Growing up in Israel, my parents always told me that we need to do everything we can to bring peace to the Middle East -- Laliv Gal writes about the conflict with Iran.
I am not writing this to explain or to justify myself. I am not here to explain the politicians' motives. They do it much better than I do, and they have people that are trained to do so. I am writing to tell you what I think. I do not have a moving story, one that will bring you to tears. But I still want you to read this.
I am an eternal optimist. Sometimes it brings me down, because I always expect the best.
Growing up in Israel, my parents always told me that we need to do everything we can to bring peace to the Middle East. When Yitzhak Rabin signed the peace agreements with the Jordanians, I was young and full of hope. We celebrated -- me and all the other teenagers from my kibbutz. We had ice cream; we had drinks, although we were still under age; we stayed up all night and talked about our plans. What if it would work out? What if we could go here and there, and back home safe, and have friends coming over for the weekend from Amman and Beirut?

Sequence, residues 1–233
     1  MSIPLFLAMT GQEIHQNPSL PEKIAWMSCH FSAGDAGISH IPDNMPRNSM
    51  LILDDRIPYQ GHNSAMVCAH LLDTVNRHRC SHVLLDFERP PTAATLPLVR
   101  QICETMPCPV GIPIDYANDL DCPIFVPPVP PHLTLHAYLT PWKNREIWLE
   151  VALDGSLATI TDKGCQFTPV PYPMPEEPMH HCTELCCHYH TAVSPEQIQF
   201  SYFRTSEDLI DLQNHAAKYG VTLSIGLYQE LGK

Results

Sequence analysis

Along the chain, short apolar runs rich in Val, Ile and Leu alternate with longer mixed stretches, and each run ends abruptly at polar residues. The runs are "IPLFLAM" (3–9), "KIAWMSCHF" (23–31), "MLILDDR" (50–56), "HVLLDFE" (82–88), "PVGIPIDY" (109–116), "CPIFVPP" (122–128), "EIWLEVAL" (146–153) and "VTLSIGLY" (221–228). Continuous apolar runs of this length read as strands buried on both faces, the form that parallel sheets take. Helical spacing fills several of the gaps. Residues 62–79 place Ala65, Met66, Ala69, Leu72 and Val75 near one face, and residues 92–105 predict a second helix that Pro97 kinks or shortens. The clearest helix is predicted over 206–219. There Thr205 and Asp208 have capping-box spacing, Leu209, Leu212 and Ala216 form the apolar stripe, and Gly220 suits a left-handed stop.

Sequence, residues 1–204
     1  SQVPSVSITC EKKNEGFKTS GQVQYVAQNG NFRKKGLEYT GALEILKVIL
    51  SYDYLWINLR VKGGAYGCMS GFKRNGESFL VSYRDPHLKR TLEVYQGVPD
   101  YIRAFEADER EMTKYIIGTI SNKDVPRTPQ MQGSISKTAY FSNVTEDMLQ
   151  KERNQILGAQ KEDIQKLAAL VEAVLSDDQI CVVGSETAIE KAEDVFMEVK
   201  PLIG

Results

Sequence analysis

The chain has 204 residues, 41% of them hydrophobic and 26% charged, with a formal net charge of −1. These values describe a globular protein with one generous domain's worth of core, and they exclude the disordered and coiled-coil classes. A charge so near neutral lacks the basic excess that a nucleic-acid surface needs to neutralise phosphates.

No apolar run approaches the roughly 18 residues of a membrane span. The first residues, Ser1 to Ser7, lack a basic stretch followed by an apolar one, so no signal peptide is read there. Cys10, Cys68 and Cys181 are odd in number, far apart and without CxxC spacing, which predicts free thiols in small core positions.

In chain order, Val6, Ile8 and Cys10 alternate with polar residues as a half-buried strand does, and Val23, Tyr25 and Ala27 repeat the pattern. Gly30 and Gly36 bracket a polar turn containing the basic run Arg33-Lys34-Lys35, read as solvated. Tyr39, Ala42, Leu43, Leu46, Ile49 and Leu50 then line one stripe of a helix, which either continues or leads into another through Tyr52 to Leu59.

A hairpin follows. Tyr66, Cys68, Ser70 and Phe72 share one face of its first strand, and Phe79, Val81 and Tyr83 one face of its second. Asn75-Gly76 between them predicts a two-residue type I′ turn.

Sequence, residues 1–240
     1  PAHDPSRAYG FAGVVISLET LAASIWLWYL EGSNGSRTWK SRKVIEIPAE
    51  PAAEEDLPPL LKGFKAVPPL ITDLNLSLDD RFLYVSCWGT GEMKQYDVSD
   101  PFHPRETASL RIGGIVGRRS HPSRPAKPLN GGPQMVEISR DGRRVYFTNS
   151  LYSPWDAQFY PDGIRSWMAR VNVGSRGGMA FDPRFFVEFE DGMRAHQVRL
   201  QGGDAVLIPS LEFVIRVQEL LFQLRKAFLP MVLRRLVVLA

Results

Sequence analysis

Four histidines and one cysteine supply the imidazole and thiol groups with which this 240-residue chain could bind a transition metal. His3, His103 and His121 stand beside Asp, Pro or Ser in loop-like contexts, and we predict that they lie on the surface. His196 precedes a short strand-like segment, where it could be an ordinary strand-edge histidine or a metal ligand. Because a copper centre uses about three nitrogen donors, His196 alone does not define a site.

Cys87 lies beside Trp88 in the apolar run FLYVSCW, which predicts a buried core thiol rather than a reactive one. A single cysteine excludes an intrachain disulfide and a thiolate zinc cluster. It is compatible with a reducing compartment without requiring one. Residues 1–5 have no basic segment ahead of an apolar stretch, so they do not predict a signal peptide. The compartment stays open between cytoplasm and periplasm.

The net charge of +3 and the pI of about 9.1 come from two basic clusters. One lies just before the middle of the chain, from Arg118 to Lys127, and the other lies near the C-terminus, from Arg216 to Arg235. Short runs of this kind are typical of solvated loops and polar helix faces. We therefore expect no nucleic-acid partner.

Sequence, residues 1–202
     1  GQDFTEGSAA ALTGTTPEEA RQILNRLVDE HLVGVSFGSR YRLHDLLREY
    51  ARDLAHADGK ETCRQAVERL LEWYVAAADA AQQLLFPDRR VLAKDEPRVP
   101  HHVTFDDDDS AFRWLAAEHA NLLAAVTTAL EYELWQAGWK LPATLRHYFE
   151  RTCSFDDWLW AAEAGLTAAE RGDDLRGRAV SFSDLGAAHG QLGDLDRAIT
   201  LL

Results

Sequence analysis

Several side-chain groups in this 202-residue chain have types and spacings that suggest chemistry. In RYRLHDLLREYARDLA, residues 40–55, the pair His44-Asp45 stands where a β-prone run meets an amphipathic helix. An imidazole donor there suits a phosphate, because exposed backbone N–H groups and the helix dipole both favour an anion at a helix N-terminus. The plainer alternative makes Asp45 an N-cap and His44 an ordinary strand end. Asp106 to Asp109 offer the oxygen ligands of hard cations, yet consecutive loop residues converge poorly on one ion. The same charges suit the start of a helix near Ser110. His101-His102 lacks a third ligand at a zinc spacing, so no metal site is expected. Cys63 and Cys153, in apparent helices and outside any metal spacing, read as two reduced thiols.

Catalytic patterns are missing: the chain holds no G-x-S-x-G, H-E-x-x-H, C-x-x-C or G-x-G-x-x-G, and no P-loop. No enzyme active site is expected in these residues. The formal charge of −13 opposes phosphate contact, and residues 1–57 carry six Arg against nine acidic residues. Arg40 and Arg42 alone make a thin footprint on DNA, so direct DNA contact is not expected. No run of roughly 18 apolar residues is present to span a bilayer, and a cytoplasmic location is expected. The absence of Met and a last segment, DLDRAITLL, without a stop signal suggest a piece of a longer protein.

I guess that at some point we all realized it was not going to be that way. You probably know the rest of the story. Today, I know that despite all the hopes and dreams, I just need to be realistic. I am still optimistic, but I know that sometimes we have to put that aside.
I don't believe in violence, I don't think that people should suffer. I live in the center of the country. Last time we heard a siren here was during the second Lebanon war. Right before my cousin got killed. Those were hard days for all, but when I heard the alarm I practically did nothing. I knew nothing would happen. Well, it's over now. But things in the Middle East are not much better. The Iranians can go on and say that they only do what they do to protect themselves. And that the world must let them go on with that. I don't think so. If we want peace, we need to do more.
Peace? Yeah, why not? Bring it on! Wish I could still believe in that dream. It's the Middle East, and we are pretty much the only democracy around. We have to deal with the situation. But we don't have to deal with countries that put us in a danger. When I was a little girl, they always told me: "Don't worry! By the time you turn 18 there will be no military service". Now, no one says that anymore.